Gigabit-speed FSO network serves Istanbul's business district

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Istanbul in Turkey has a long and rich history; the city remains home to ancient churches, mosques, and palaces, making optical-fiber deployment virtually impossible. When the incumbent provider failed to deliver the level of service demanded by the city's corporate customers, Istanbul alternative provider Omnitek built a free-space optical (FSO) network to deliver the needed services—without the hassle of fiber deployment.

Last September, Omnitek began offering service on what it claims is the world's first gigabit-speed wireless backbone, dubbed OmniLink. Strategically placed along the Maslak-Eminönü route, Istanbul's main business corridor, the OmniLink network comprises eight nodes, each between 1.2 and 2.3 km apart for a total distance of 12.8 km. Each node is placed on the rooftop of a building that houses a number of corporate customers, and additional customers can be reached in nearby buildings via short-distance FSO links.Th 153251

Running the length of Istanbul's business corridor, the OmniLink network features eight hops, each placed 1.2–2.3 km apart, for a total span of 12.8 km.

Plans for the OmniLink network were drafted in 2001, before telecommunications deregulation in Turkey. At that time, only the incumbent, Turk Telecom, was allowed to offer services, and those services were expensive and often difficult to acquire. "We realized that after deregulation, there would be a good opportunity in the market for alternative providers," explains Murat Akay, deputy general manager of the OmniLink network. "We had a lot of interest at that time in wireless devices, especially free-space optics. We thought, 'Why not build a network purely based on FSO devices?'"

FSO technology is ideal for a city like Istanbul, where historic sites and landmarks are plentiful and laying fiber is not a viable option. "Because Turkey is an old city, it's not possible to dig very easily, and there are bureaucratic issues; you have to get permission from everyone," laments Akay. Moreover, the economics of FSO versus fiber are "incomparable," he says. "If we were going to do this investment by laying fiber, it would have cost us $78.5 million. What we actually spent on the FSO equipment and installation was more like $1.4 million."

The economics of FSO technology have enabled Omnitek to pass on the savings to their customers. Corporate connections from the incumbent provider are often prohibitively expensive; a 128-kbit/sec connection is $220 per month, a 34-Mbit/sec connection costs $7,000 per month, and a 155-Mbit/sec connection costs the customer more than $18,000 per month, says Akay. Omnitek's services are 40% cheaper, according to Akay—and delivered over dedicated lines. Turk Telecom provides only shared lines today, he says.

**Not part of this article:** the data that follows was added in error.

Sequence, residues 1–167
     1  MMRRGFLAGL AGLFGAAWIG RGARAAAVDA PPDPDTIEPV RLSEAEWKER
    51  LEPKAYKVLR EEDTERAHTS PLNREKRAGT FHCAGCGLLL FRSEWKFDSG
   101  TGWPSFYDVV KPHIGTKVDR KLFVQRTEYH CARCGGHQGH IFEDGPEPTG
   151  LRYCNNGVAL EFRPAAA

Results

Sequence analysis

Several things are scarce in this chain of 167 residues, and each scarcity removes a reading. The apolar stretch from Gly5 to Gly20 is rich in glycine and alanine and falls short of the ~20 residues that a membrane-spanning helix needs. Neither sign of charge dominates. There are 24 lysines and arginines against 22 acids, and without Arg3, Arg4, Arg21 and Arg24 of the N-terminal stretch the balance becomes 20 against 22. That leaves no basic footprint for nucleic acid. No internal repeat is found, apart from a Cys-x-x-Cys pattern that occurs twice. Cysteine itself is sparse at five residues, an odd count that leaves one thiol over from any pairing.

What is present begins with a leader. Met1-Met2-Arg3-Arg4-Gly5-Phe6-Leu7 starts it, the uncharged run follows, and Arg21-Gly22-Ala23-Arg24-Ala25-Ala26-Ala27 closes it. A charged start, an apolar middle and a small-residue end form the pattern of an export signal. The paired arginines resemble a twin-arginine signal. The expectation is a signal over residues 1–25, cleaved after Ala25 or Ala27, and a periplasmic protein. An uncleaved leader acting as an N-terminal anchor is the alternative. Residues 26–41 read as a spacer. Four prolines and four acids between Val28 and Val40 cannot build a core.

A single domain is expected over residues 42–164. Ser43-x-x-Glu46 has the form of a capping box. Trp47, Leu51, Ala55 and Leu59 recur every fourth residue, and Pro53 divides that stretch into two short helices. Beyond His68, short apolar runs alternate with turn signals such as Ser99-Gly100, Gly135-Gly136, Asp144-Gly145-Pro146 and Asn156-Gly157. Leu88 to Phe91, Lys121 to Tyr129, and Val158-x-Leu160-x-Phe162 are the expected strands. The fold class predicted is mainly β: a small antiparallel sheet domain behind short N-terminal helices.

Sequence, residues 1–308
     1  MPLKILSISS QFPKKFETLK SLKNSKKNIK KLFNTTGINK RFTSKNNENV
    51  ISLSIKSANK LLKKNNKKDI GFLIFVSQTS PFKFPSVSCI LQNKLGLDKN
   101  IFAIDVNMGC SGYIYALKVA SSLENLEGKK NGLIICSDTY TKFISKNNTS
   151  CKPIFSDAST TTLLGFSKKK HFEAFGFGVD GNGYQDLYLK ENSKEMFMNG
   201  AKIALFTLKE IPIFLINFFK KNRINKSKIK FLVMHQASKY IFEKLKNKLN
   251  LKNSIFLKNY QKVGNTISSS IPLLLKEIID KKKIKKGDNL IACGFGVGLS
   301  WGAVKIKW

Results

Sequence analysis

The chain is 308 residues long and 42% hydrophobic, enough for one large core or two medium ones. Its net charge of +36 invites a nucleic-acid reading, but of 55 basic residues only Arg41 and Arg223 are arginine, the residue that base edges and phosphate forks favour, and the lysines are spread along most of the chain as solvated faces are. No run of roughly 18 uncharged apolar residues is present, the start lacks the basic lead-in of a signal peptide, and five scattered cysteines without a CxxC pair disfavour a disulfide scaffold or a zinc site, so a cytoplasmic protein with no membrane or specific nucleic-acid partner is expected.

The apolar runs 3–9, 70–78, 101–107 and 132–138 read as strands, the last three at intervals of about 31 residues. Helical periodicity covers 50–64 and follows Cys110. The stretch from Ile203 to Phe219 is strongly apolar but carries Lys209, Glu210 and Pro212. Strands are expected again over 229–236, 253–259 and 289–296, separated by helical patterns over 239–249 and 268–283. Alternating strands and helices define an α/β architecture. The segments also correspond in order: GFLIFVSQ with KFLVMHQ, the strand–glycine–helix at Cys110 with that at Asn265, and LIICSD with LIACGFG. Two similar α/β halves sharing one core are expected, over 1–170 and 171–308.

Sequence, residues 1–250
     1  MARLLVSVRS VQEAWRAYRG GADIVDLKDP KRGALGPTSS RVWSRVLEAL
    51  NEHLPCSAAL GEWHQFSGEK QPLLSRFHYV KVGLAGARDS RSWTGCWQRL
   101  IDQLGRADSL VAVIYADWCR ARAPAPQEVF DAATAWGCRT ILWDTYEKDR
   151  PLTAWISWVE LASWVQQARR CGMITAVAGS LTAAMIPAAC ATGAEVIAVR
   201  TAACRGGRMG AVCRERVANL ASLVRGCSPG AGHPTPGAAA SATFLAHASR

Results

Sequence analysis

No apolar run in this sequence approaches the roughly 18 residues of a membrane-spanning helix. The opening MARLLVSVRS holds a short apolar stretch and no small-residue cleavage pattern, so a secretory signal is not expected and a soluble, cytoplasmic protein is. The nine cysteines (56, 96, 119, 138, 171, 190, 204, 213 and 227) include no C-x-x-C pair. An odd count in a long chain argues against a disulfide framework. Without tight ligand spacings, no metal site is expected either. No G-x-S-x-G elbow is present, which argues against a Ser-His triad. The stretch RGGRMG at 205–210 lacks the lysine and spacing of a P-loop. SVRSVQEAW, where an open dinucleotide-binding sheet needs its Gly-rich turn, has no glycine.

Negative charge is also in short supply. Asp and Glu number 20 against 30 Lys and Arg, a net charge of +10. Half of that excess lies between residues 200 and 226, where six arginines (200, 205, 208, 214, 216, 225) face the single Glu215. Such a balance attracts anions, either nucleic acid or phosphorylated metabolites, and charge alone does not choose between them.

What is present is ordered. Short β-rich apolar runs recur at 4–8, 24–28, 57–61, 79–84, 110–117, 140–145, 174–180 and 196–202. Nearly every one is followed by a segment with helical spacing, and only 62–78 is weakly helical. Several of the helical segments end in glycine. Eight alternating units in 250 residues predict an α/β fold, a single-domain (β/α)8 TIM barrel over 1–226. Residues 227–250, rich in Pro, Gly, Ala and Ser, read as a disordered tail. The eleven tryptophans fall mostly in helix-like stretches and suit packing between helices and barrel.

"The incumbent doesn't have the same motivation to provide the myriad of services we tend to have here," adds Michael Penner, vice president of corporate development at fSONA Communications (Vancouver, British Columbia), manufacturer of Omnitek's FSO equipment. "If a CLEC were to pop up in North America, all they can do is provide the same service, only cheaper, to the key customers. What is unique here is that Omnitek is able to provide services to blue-chip customers that the incumbent just can't provide."

The OmniLink network serves 21 customers to date, and negotiations are in progress with additional customers, including the Istanbul Stock Exchange. "They want to use our link to run their traffic through our network to reach their security banks, both of which are placed along our route," explains Akay.

The network currently supports LAN-to-LAN services and Internet connectivity at Ethernet and Fast Ethernet speeds. The LAN-to-LAN service uses the VLAN protocol to connect corporate offices located in multiple buildings along the route. In the future, Omnitek will also provide advanced services like voice over IP, streaming media, and teleconferencing.

According to Akay, Omnitek's network also boasts guaranteed quality of service, which the incumbent does not provide. "In the summer of 2003, there was an earthquake in Algeria, and the Internet output of Turk Telecom was interrupted," recalls Akay. "They didn't have any redundancy. There are no service-level agreements [SLAs], so if there's an interruption, you just have to live with it." Omnitek can provide SLAs, thanks to the high-frequency microwave radio system that backs up their FSO network.

While the OmniLink network delivers much-needed guaranteed services to corporate customers in Istanbul, it also represents a major step forward for the FSO industry in general, asserts Penner. "Last year, CIBC World Markets put out an investment report on the fixed wireless market. They were projecting that in 2003 a total of 10 links would be sold worldwide in the gigabit space," he reports. "As you can see, Omnitek has done that whole proposed market itself. "

And the OmniLink route is only phase one of a much bigger project for Omnitek. Turkey's capital is the only city in the world built on two continents; European Istanbul comprises the bulk of the city to the west, while Asian Istanbul is to the east. The Maslak-Eminönü route rests in the European half of the city, but Akay reports there are plans to extend the network to the Asian side, where Omnitek is developing residential Internet distribution projects using FSO technology.

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